John H. Humphrey

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John Herbert Humphrey CBE FRS[1] FRCP (16 December 1915 – 25 December 1987) was a British bacteriologist and immunologist.[2]

Humphrey was the son of the engineer H. A. Humphrey and his wife Mary Elizabeth (née Horniblow). He was educated at Winchester School, and Trinity College, Cambridge. There he met his wife Janet, the daughter of Nobel Prize–winning physiologist Archibald Hill. They had five children, including Nicholas Humphrey, and brought up Humphrey's nephew and niece after the death of Humphrey's brother.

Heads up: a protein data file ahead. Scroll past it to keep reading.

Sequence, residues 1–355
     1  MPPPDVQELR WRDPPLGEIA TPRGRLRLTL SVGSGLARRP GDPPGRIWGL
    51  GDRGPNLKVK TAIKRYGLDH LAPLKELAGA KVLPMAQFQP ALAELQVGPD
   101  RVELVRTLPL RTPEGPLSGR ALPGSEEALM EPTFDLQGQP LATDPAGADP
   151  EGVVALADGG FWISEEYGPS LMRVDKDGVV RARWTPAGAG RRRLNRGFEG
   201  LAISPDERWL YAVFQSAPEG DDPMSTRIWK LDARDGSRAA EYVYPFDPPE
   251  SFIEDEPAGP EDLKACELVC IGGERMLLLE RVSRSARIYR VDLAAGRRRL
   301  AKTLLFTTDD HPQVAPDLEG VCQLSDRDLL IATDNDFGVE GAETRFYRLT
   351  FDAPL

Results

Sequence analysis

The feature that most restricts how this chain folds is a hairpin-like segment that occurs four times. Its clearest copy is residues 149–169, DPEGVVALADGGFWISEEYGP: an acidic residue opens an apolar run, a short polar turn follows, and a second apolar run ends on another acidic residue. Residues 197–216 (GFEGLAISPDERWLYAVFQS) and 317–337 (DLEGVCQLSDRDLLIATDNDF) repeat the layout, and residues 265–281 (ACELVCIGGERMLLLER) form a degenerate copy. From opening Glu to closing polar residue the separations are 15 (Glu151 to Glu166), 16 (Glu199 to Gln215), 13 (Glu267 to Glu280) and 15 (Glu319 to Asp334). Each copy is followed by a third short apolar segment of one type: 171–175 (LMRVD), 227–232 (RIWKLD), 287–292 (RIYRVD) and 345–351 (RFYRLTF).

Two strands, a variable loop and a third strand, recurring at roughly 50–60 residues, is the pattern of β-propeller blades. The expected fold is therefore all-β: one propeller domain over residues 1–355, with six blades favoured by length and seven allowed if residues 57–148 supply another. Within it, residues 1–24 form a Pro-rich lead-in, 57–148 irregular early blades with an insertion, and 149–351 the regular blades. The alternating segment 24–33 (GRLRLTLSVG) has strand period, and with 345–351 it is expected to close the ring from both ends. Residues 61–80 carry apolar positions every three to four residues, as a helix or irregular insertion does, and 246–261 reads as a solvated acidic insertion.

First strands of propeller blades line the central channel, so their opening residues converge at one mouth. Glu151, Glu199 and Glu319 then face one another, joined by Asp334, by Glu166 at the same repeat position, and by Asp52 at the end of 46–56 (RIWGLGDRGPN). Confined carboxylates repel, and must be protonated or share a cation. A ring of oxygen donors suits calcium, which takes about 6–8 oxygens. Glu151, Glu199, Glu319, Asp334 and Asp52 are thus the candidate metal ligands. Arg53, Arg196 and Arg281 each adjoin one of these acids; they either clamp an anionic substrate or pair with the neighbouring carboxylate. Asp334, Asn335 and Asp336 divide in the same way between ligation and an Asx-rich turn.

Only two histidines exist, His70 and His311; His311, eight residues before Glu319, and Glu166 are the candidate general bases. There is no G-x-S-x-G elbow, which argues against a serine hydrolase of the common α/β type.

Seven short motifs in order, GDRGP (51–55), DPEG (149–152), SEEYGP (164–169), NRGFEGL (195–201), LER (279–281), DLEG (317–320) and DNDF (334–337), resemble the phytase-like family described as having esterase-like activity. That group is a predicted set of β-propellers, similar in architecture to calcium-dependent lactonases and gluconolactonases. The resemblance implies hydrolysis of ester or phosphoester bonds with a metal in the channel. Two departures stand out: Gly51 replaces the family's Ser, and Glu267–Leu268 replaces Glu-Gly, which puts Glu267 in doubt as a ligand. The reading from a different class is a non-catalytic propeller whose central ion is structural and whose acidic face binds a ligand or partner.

In November 1956 Humphrey founded the British Society for Immunology alongside Robin Coombs, Bob White, and Avrion Mitchison.

He was elected a Fellow of the Royal Society in 1963.[1] He delivered the 1981 Croonian Lecture to the Royal College of Physicians on The Value of Immunological Concepts in Medicine [3]


  1. ^ a b Askonas, B. A. (1990). "John Herbert Humphrey. 16 December 1915-25 December 1987". Biographical Memoirs of Fellows of the Royal Society 36: 274–226. doi:10.1098/rsbm.1990.0033.  edit
  2. ^ Natvig, J. B. (1988). "John H. Humphrey 1915-1987". Scandinavian Journal of Immunology 27 (6): 617–619. doi:10.1111/j.1365-3083.1988.tb02391.x. PMID 3293191.  edit
  3. ^ Briggs, Asa. A History of the Royal College of Physicians of London: Volume Four.